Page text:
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In an online environment where harassment and intimidation remain common, many women and trans persons face challenges in expressing themselves freely on the net.

In response, the Tactical Technology Collective, an international organization dedicated to the use of technology in activism, has created a new online manual to help women and trans persons to continue to communicate online while protecting their safety and privacy and increasing their digital security.

Titled “Zen and the art of making tech work for you”, the manual “focuses on two overlapping issues: how to craft an appropriate online presence, or a series of them, in a way that strengthens our ability to communicate and work online safely; and, how to collaboratively create safe online and offline spaces that enable our communities to share, collaborate, and communicate,” said the coordinator of the organization’s Gender and Technology project.

We communicated with the coordinator, who preferred to remain anonymous because of the project’s sensitivity, via, an end-to-end encrypted communications platform.

The manual aims at empowering women and trans activists, human rights defenders, sexual rights activists and technologists by providing them with knowledge and resources to face the gender-based online violence that often undermines their engagement for political change and human rights.

In its first part, the manual explores the digital traces we leave when using the Internet and explains how to create one or several online identities based on one’s nature of work and needs.

In some contexts, it might be useful or necessary to use your real name, while in others it might be strongly recommendable to use pseudonyms or to browse the web anonymously. Disposable email addresses or the use of different computers for different identities are some of the tools suggested.

The guide explains as well the sociological and psychological factors to be taken into account before creating one’s online identities. It also provides real cases as examples and many online resources to help women protect the safety of their networks whether family, social or work-related.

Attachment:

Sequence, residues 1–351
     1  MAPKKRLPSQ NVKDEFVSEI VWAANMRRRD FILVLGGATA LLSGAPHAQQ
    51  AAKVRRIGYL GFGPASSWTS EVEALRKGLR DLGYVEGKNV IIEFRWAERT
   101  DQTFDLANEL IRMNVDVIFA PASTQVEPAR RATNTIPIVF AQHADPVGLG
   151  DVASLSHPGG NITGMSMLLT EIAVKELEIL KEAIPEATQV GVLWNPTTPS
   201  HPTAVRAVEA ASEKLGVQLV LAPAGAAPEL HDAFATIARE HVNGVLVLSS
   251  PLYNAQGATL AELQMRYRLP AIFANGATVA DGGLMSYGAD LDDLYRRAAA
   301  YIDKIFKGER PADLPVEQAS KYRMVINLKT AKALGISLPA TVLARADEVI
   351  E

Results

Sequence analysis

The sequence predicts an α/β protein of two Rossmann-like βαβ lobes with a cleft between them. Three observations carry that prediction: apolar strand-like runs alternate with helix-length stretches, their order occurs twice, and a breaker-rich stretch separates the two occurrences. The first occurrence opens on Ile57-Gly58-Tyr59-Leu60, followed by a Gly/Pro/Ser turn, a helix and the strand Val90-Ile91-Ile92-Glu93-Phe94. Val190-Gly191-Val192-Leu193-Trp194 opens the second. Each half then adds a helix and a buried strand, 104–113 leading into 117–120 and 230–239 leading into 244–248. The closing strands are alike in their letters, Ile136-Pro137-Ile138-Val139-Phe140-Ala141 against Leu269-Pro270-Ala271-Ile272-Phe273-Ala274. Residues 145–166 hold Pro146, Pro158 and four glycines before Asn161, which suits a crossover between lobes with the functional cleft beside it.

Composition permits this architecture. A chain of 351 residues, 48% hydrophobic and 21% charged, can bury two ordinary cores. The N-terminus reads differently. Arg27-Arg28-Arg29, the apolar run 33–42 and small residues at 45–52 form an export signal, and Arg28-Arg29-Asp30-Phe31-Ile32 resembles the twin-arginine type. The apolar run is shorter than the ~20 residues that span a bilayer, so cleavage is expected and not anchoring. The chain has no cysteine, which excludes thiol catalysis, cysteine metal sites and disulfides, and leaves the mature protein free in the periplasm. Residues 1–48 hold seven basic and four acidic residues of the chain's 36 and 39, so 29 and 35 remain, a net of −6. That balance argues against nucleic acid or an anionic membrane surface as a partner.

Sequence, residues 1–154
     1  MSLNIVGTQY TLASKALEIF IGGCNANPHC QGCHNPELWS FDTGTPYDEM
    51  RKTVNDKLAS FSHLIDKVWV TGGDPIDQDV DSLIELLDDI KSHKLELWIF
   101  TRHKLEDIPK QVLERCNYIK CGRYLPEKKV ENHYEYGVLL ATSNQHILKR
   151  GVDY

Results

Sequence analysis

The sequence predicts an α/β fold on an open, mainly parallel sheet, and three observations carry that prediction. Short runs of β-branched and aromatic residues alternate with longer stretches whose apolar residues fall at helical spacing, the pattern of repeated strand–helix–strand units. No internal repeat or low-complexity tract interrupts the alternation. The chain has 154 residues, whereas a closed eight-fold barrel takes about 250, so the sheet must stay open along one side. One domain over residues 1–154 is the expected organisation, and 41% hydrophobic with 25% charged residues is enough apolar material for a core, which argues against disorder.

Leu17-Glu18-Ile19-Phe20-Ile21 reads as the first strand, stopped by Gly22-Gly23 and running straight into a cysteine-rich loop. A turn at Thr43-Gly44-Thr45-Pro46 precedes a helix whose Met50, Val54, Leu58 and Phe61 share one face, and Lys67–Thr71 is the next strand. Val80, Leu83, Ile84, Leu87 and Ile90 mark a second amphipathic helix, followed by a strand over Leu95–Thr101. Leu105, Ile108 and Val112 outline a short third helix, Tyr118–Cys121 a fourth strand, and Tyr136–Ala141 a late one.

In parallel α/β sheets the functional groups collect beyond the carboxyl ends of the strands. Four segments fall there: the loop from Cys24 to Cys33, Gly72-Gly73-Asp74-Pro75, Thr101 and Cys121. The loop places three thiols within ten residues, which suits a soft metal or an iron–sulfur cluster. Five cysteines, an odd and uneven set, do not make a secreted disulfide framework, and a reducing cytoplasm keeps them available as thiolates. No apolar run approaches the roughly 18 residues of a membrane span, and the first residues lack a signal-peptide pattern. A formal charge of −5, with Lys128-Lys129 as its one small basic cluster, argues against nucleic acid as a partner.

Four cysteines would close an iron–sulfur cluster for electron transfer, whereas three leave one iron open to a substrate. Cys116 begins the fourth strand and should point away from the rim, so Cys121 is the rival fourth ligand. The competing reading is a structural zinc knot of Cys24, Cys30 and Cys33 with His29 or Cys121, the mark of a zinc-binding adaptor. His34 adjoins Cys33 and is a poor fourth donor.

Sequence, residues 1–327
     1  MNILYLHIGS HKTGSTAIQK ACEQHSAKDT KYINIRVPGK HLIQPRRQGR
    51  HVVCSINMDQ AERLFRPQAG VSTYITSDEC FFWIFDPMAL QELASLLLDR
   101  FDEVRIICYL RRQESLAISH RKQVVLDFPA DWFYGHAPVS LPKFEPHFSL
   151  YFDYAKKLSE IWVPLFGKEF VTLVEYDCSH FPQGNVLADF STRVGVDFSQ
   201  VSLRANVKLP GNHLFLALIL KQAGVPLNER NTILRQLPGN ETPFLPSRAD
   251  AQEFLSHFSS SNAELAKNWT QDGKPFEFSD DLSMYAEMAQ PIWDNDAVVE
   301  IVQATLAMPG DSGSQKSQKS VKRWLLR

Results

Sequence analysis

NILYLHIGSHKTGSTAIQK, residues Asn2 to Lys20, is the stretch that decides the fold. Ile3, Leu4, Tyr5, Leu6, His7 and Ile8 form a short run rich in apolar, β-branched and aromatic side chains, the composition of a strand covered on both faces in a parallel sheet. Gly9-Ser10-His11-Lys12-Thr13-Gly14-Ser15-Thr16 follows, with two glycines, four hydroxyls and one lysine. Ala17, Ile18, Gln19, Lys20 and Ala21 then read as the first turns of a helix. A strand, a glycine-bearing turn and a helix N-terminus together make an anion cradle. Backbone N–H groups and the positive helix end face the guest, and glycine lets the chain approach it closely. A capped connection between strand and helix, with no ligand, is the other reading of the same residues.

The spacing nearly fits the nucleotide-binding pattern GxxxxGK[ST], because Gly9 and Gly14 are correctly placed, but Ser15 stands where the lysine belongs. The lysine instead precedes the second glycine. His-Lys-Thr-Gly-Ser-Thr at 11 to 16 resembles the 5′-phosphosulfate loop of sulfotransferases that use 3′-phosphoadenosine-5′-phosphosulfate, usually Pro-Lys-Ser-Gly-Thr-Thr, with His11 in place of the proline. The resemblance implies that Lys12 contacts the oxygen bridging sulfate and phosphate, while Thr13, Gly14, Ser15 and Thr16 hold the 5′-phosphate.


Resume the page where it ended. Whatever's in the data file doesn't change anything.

The second part is dedicated to the creation of supportive safe spaces that allow women communities to flourish and become empowered while having the tools to avoid -but also to face- bigotry and intimidation.

It provides practical advice, for example, on possible ways to deal with online trolls and support others under attack, and presents strategies of resistance for online and offline spaces that might be hostile to women and trans persons.

One chapter specifically focuses on documenting violence because this is “key to showing the true extent of this problem […] as well as exhibiting the structural aspects of gender-based violence […].”

The manual is a community-built project created based on extensive discussions among 20 women from 19 different countries. The idea was to respond as closely as possible to real needs. Some women participating were from the MENA region or had experience in the conditions of women in that area.

The project coordinator said that the next step for the project is to improve the manual with feedback from concerned individuals and then to translate it to other languages in order to guarantee a wider reach.

“We would like to have translations that take into account specific cultural references, examples and recommendations,” she said.

The idea is also to create a “dynamic” manual, a living document that is updated frequently by communities themselves based on new technological advances and arising needs.

The MENA region might be one of the regions for which the manual would be adapted. The organization has already published online security resources specifically tailored for LGBTQ communities in the Middle East and North Africa region.

One of the main challenges today is to create a solid and extensive network of local practitioners working on online security and privacy. According to her, in many regions, women working in those fields say they are isolated and lack support.

In Pakistan, for instance, some women assume that getting online comes with harassment, and cannot imagine connecting without being subjected to threats and abuse.

Thus the need for a manual that functions as a support resource for women and trans persons by enabling them to ultimately be more in control of the technologies they use.


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